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How does aggregation work?
When we talk about the best router, we don't want to get two or three DEXs and a few bridges. Instead, we want to know all the possible options for transferring token A on chain X to token B on chain Y.
That's why we created our Via Router, aggregating more ‘DEXs, bridges, and chains than any other project, to ensure users can find the best routes, with the most liquidity and cheapest fees, to swap their tokens across chains

First, our router shows routes from more bridges and DEXs than any other aggregator on the market.

Generally, there are three ways to make any-to-any cross-chain transactions, and Via is one of the few protocols that supports them all:
  1. 1.
    Make multiple transactions on different blockchains These are the routes provided by our partners Li.Fi, Socket.Tech and Rango. In the first transaction, you do the swap and bridge, and in the second (and sometimes the third), you do the swap on the target chain. This solution is safe but highly inconvenient due to the need to stay on the site for a long time to make the second (third) transaction, while the rate has not changed much. If the rate changes a lot, the transaction on the target chain with the to_token_amount promised earlier will fail, and the user will lose money for gas and will remain with an intermediate token. It is also worth noting that these aggregators have a complex slippage logic, which does not guarantee the receipt of the requested number of tokens, but only indicates a conditional slippage of 3% to each protocol. This means that if the slippage in the first and second transaction is equal to 3%, the total slippage will amount to 6%.
  2. 2.
    Make one transaction through decentralized bridges that have integrated DEXs. This solution, offered by our partners deBridge and Symbiosis, ensures much faster, convenient, and safer transactions since the slippage tolerance is guaranteed. However, the final to_token_amount will be lower than what you would get with several transactions (there is a saving on external contract calls). Therefore, looking it from the point of view of the final amount of token received, this option is inferior to the one at point 1.
  3. 3.
    Make one transaction through semi-centralized bridges, which will trigger a second transaction on the target chain. This solution is provided by our partners Rubic and XY. They have integrated DEXs into their bridges, which is much more convenient than making several transactions but sometimes less secure due to partial centralization. What’s more, these bridges make refunds in stablecoins if the slippage of the second transaction did not allow the transaction to be completed due to a conversion rate change.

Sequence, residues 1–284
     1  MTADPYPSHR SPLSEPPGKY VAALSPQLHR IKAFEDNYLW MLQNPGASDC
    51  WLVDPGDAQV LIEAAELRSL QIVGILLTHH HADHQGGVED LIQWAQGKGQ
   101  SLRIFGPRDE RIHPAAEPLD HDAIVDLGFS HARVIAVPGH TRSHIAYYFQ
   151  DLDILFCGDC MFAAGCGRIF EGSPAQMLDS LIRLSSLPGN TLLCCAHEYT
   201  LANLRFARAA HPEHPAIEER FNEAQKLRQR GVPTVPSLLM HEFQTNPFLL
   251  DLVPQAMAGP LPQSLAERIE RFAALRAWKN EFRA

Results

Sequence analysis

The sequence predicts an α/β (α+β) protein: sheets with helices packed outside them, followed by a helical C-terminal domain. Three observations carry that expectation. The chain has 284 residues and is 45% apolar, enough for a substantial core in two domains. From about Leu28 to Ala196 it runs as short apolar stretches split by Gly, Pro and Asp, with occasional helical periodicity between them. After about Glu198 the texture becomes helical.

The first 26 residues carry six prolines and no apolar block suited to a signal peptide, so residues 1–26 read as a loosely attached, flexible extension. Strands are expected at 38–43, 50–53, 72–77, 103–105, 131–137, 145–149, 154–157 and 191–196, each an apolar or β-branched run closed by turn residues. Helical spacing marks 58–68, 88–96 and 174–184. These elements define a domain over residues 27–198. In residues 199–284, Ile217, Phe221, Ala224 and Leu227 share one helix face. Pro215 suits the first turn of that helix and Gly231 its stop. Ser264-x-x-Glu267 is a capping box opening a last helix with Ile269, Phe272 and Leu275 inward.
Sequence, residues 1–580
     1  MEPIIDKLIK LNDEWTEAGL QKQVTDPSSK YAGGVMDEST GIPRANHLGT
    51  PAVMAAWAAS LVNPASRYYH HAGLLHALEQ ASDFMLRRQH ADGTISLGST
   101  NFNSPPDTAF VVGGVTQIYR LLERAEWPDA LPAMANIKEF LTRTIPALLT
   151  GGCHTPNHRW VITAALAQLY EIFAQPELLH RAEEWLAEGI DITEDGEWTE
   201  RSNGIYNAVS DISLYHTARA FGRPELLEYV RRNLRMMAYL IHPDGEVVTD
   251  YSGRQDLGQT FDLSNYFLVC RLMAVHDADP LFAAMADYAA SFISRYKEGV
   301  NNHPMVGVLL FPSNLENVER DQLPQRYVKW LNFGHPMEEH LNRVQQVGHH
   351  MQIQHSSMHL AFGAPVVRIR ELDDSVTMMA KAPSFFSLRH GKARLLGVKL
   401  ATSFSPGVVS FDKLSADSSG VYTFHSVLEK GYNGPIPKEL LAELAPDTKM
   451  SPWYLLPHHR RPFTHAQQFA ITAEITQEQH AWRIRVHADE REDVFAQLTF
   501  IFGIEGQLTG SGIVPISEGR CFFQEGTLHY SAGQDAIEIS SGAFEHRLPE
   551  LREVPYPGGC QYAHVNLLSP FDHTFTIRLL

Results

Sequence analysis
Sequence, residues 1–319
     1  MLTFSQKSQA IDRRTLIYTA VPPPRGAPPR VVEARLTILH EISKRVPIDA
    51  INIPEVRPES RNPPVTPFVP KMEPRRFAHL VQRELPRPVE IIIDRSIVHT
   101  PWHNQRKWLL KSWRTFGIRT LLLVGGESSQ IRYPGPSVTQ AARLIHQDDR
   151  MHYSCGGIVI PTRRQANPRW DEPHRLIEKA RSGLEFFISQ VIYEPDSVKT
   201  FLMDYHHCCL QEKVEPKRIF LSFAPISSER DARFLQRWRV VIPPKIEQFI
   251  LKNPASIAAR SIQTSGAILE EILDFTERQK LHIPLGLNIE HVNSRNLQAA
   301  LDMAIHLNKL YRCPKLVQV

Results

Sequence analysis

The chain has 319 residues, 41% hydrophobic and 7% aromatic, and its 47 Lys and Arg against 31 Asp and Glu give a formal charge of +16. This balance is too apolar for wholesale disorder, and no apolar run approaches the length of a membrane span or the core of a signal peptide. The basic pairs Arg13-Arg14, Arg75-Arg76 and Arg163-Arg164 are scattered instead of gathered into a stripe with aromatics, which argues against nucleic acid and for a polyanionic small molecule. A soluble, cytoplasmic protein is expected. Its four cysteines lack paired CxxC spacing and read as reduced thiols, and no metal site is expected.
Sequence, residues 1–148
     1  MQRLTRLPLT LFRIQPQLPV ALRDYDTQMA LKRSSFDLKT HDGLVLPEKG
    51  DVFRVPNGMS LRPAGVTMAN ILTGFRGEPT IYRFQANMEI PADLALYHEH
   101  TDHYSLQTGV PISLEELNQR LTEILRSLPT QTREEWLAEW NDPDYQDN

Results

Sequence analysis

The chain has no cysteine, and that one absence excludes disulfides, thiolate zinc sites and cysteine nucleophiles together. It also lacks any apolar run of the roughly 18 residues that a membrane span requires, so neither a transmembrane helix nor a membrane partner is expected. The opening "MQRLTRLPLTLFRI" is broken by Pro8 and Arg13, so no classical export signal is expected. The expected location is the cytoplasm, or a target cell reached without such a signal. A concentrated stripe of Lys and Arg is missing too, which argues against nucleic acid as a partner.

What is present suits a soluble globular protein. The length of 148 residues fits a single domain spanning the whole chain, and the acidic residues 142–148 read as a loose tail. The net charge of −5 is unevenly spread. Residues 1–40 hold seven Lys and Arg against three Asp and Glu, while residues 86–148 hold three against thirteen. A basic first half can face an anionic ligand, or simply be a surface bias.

Secondly, Via has the most advanced sorting for every taste

Unlike other aggregators, the Via interface will not only show all the available routes and highlight the best one in terms of the final amount of token received or the fastest one in terms of transaction time but also a comprehensive list of data-based characteristics and information about all available routes
  1. 1.
    Smart sorting takes into account all possible variables, such as the cost of gas for approvals and transactions, the protocols fees, slippage, the security and decentralization of the third-party protocols we integrate, and more.
  2. 2.
    Sorting by time: unlike other aggregators, we show the actual time of the route based on current historic data and not the approximate hard-coded time.
  3. 3.
    Sorting by security considers the presence and novelty of audits, historical statistics on the successful execution of transactions, and decentralization.
  4. 4.
    The maximum return shows the tokens received at the output, taking into account the most likely, minimum possible number of tokens the user can receive through the route (accounting for slippage). And also the most likely.

Thirdly, we are the only ones who figured out the cross-chain slippage

When you transfer large amounts cross-chain, you want to ensure that you don't lose a few percent on slippage. This can be hard to do with protocols because they have fixed slippage that cannot be changed. HOP, for instance, has a fixed 5% slippage rate.
That is why we devoted a great deal of effort discussing with other teams to understand how exactly their slippage mechanisms work. That allowed us to bring slippage settings into a familiar, user-friendly interface that will show the routes with the selected slippage.
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